Published on May 8, 2008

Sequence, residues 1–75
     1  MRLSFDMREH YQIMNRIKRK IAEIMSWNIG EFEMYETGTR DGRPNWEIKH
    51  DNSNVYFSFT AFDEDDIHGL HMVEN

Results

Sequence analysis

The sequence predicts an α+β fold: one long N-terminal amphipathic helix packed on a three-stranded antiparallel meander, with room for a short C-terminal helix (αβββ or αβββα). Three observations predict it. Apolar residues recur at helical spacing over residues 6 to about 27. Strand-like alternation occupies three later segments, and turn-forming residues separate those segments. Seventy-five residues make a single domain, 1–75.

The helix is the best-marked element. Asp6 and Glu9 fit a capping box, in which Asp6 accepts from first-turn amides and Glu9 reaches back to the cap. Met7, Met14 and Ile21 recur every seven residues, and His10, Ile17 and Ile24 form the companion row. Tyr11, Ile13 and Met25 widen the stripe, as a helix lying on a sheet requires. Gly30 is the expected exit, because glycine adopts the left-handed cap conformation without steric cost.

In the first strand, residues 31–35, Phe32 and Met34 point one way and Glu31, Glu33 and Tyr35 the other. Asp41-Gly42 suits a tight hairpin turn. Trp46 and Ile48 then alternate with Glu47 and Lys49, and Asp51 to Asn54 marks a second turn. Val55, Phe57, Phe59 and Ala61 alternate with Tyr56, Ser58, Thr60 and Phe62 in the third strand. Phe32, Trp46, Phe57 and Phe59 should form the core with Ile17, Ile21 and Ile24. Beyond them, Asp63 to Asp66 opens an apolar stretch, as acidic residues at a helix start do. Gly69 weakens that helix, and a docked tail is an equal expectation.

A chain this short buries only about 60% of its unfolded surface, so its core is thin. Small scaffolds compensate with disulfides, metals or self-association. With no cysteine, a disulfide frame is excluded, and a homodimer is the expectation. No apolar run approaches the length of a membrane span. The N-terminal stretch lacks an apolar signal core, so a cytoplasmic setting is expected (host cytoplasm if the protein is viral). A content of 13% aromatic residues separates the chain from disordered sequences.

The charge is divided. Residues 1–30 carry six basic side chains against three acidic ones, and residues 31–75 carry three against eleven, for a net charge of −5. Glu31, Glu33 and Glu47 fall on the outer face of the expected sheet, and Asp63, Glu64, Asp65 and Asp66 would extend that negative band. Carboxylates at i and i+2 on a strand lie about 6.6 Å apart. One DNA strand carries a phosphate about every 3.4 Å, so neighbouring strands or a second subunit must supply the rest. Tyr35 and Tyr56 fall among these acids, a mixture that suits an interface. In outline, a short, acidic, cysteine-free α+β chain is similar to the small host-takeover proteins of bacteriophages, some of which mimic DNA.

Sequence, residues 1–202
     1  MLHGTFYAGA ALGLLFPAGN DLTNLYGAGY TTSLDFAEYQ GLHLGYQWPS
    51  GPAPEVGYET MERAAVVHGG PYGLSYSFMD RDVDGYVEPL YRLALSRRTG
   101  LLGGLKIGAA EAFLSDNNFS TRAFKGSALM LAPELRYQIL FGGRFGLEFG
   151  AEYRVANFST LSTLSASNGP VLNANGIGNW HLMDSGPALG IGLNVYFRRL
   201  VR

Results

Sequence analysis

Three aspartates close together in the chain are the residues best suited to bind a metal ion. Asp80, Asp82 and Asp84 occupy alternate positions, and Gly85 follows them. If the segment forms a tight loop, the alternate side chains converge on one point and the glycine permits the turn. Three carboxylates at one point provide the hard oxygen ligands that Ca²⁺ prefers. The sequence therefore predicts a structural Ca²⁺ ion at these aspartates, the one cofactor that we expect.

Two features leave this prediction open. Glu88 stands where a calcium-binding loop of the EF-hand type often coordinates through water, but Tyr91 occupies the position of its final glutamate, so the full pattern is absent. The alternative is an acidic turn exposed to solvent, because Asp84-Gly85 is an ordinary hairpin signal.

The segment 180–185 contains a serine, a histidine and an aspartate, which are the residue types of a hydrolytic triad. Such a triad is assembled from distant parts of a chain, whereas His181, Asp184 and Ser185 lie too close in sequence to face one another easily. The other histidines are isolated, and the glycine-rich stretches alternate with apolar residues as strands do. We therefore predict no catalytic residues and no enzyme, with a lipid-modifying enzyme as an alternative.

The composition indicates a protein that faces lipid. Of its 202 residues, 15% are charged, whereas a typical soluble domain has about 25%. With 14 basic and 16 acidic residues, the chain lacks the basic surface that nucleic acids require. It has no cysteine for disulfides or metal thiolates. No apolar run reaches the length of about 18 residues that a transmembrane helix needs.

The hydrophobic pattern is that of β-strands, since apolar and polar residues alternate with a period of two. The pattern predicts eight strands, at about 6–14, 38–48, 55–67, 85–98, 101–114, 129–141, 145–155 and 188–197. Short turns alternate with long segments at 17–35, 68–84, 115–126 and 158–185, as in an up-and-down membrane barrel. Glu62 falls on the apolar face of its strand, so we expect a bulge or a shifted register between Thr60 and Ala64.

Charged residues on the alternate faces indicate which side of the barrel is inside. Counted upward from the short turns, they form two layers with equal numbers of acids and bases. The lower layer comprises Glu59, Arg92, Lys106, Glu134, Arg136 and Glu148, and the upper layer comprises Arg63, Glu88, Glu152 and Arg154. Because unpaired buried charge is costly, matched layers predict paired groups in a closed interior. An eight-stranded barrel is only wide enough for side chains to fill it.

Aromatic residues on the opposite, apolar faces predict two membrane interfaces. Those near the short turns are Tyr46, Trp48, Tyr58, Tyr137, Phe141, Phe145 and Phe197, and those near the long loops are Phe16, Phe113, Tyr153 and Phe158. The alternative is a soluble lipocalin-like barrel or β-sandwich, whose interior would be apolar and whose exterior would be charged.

Slide1: Abstract Differential pricing of medicines: What about the rest of the world? Danielle Lang, Suzanne Hill University of Newcastle Problem Statement: At the 2001 Joint WHO/WTO Workshop on Differential Pricing and Financing of Essential Drugs, there was general agreement “that differential pricing could, and should, play an important role in ensuring access to existing essential drugs at affordable prices, especially in poor countries, while allowing the patent system to continue to play its role of providing incentives for research and development into new drugs”. However, despite general support for the use of differential pricing, its use to date appears to have been limited. Objectives: To assess the current state of play in the pharmaceutical market: the use of differential pricing; limitations to its implementation; and a possible way forward. Design: Review of the literature on access to medicines. Results: There has been some success in negotiating differential prices for pharmaceuticals. Significantly reduced prices (1-5% of developed country prices) for vaccines and contraceptives have been achieved, allowing millions to gain access to these products, while increasing manufacturers’ sales, and preventing re-importation of the discounted products to wealthier markets. Generic competition in the market for antiretrovirals has seen the cost per patient per year of triple combination therapy drop from more than US$10,000 to less than US$200 in just three years. Conclusions: Although the feasibility of differential pricing (and the prevention of parallel importation) has been demonstrated by sharply differentiated prices for vaccines, contraceptives and antiretrovirals, widespread adoption of differential pricing has not occurred. Further research is required on how fair, affordable prices should be determined and on the cost implications for key stakeholders, including manufacturers. Study funded by: No funding. Results The differential pricing search of the published literature resulted in 169 references (see Box 2). Of these: 146 were excluded after title/abstract review; a further 6 were excluded after review of the complete paper; 21 additional papers articles were included after manual searching the references of included articles; and 43 additional papers were included after Google internet searches of key organisations. A total of 81 papers were included in the systematic review. DIFFERENTIAL PRICING OF PHARMACEUTICALS: WHAT ABOUT THE REST OF THE WORLD? Background All countries in the world face the problems of rising drug expenditure. However, the problems of assuring the availability of affordable medicines are most acutely felt in those developing countries with a high prevalence of HIV/AIDS. At the April 2001 WHO/WTO Workshop on Differential Pricing and Financing of Essential Drugs there was general agreement among the experts that, differential pricing could, and should, play an important role in ensuring access to existing essential drugs at affordable prices, especially in poor countries, while allowing the patent system to continue to play its role of providing incentives for research and development into new drugs [WHO/WTO, 2001]. Despite general support for differential pricing of pharmaceuticals, and its potential benefits for all key stakeholders, its use to date has been limited. Methods A search of the literature (Box 1) on access to medicines, with a particular focus on the differential pricing of medicines, was conducted in June 2003, and updated in December 2003. Manual searching of the references of the retrieved papers was undertaken to identify additional publications not identified by the electronic search. Google Internet searches of the websites of key organisations (including, MSF, Oxfam, UN, World Bank WHO), were also performed to find unpublished (‘grey’) literature. Lang D, Hill S School of Medical Practice and Population Health References CMH. Macroeconomics and health: investing in health for economic development. Report of the Commission on Macroeconomics and Health. World Health Organization 2001. Cohen J, Illingworth P. The dilemma of intellectual property rights for pharmaceuticals: the tension between ensuring access of the poor to medicines and committing to international agreements. Developing World Bioethics 2003;3(1):27-48. Lopert R, Lang D, Henry D. Differential pricing of drugs: a role for cost-effectiveness analysis? The Lancet 2002;359:2105-2107. Médicines Sans Frontières. Untangling the web of price reductions: a pricing guide for the purchase of ARVs for developing countries. 5th edition ed, 1st December 2003. Médicines Sans Frontières. Doha derailed: a progress report on TRIPS and access to medicines. MSF briefing for the 5th WTO Ministerial Conference, Cancún 2003. MSF, Oxfam, HAI. Joint letter to WHO member country delegations to the 56th World Health Assembly. 13th May, 2003. Perez-Casas C, Herranz E, Ford N. Pricing of drugs and donations: options for sustainable equity pricing. Tropical Medicine and International Health 2001;6(11):960-964. UK Working Group. Policy recommendations and strategy: report to the prime minister. UK Working Group on Increasing Access to Essential Medicines in the Developing World. 28 November, 2002. WHO Secretariat. More equitable pricing for essential drugs: what do we mean and what are the issues? (Background paper). WHO/WTO Joint Secretariat Workshop on Differential Pricing and Financing of Essential Drugs (April, 2001); 2001; Høsbjør, Norway. WHO/WTO. Report of the Workshop on Differential Pricing and Financing of Essential Drugs. WHO/WTO Secretariat, 2001. Aims and objectives To conduct a systematic review of the published and ‘grey’ literature on the differential pricing of pharmaceuticals to: define what is meant by differential pricing; assess the possible advantages of differential pricing; explore the limitations to the implementation of differential pricing, and how these might be resolved; determine the different mechanisms by which differential pricing can be achieved; assess the current extent of use of differential pricing; explore how wider adoption of differential pricing might be achieved; and determine if, and what, further research is required on differential pricing. BOX 1: Search strategy (Medline/Embase/Cochrane/EconLit/ProQuest) Differential pricing search: (‘differential’ or ‘tiered’ or ‘equity’ or ‘preferential’ or ‘discriminatory’) adjacent to (‘pricing’ or ‘price’); and ‘pharmaceutical’ or ‘medicine’ or ‘drug’. Additional, broader searches performed: (‘availability’ or ‘affordability’ or ‘access’) or (‘price’ or ‘pricing’) or (‘market segmentation’ or ‘parallel import’ or ‘parallel trade’ or ‘compulsory licensing’); adjacent to (‘pharmaceutical’ or ‘medicine’ or ‘drug’). What is differential pricing? Differential pricing: is “the process of charging different prices in different markets, according to each country’s ability to pay” [WHO/WTO, 2001]; means higher prices in richer countries, lower prices in poorer countries; and is also referred to as equity pricing, tiered pricing, preferential pricing, discriminatory pricing. Non-drug examples of differential pricing: airlines – cheaper tickets have more restrictions (book in advance, travel includes Saturday night); seniors/student discounts – cheaper movie tickets, entertainment entry for those with lower incomes Differential pricing can be a win-win solution, leading to: cheaper drugs and improved access for those previously unable to afford medicines; increased market share for drug producers who sell their products at lower prices (but in higher volumes) in lower income countries; no increase in drug prices for consumers in developed countries; and consistency with international agreements on trade. Why is differential pricing possible? Marginal costs of medicines (the costs of production and distribution) are typically very low; But there are large, fixed costs (such as R&D); This allows low-income markets to pay only for marginal costs; and High-income countries to pay more than marginal costs by enough to cover the global costs of research and development. How might differential pricing be achieved? Voluntary discounts by companies – ie, creating the right conditions and leaving it to the market; Bilateral negotiation between governments and companies; Increasing generic competition by: voluntary licensing; or compulsory licensing; Regional or global bulk purchasing; or A flexible global differential pricing system. [Source: WHO/WTO, 2001] Limitations of differential pricing Differential pricing is only feasible for ‘global’ diseases, whereby drugs have a rich country market to re-coup R&D costs – there is no solution for ‘neglected’ diseases; and Differentially priced drugs may still be unaffordable for some countries, and international funding may be required to subsidise drug purchases. Evidence of differential pricing Vaccines and contraceptives: prices 1-5% of developed country prices have been negotiated; millions have gained access; pharmaceutical companies have increased their sales; and re-importation to wealthier markets has been prevented. [Perez-Casas, 2001] An anti-malarial, artemether-lumefantrin: supplied at different prices under two brand names, each with distinctive packaging; one brand name is marketed in high income countries to travellers at standard price; and the same product, under a different brand name, is sold in low-income, endemic countries at about one quarter of the price. [WHO Secretariat, 2001] Antiretrovirals the annual cost of antiretrovirals has tumbled from US$10,000-$15,000 to less than US$200; and discounts appear to have been in response to: international political and public pressure; and generic competition [Médicines Sans Frontières, 2003] Threats to differential pricing parallel importation (or arbitrage), whereby products sold at low prices in lower income countries are diverted to higher-income higher-priced countries; international price benchmarking (or referencing), whereby drugs in higher income countries are set according to prices in lower income countries; differentially priced products in lower-income countries being burdened with high taxes and wholesale and retail mark-ups, making them unaffordable. Differential pricing or just drug discounts? Despite general support for differential pricing, price reductions to date have been limited: To a few drugs and diseases; To the least developed countries, or countries with a high prevalence of HIV/AIDS; and Occurring only after generic competition. Differential pricing should be the “operational norm” [CMH, 2001; UK Working Group, 2002]. There needs to be a more systematic approach to differential pricing, which includes all drugs and all countries. Negotiating on a country-by-country, drug-by-drug, company-by-company basis is not feasible. Many countries lack the human resources, experience and bargaining power which are needed to successfully negotiate price reductions for essential drugs. This would require the support from governments, companies, NGOs and international agencies. Proposals in the literature generally propose that a UN organization such as WHO, or the World Bank advocate for a more systematic approach to differential pricing [eg, Cohen, 2003; MSF, Oxfam, HAI, 2003.] “We would expect that middle-income countries would generally pay more than the low-income countries, but less than the rich countries.” [CMH, 2001] But how should fair and affordable prices be set? Agreement on the principles of differential pricing is easy to reach, but agreement on a mechanism to establish prices that represent good value in different settings is much harder [Lopert, 2002]. There is little in the literature on how fair and affordable differential prices might be set. Some suggestions include: using marginal cost of production (plus a percentage for profit); setting a target price as a percentage (eg 5%) of developed-country prices; or using cost-effectiveness analysis, setting a threshold cost per healthy life year equal to some measure of affordability, such as per capita GDP [WHO Secretariat, 2001] Further research There is clearly a need for further research to determine: how a systematic differential pricing scheme, inclusive of all countries and all pharmaceuticals, can be achieved; and how fair, affordable differential prices could be determined.